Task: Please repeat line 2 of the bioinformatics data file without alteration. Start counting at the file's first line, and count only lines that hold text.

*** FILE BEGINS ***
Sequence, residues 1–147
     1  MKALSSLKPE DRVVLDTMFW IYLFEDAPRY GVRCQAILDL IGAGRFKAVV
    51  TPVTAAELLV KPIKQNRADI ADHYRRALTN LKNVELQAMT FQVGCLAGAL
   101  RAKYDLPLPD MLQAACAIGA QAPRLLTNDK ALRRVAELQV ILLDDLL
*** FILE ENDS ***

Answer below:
     1  MKALSSLKPE DRVVLDTMFW IYLFEDAPRY GVRCQAILDL IGAGRFKAVV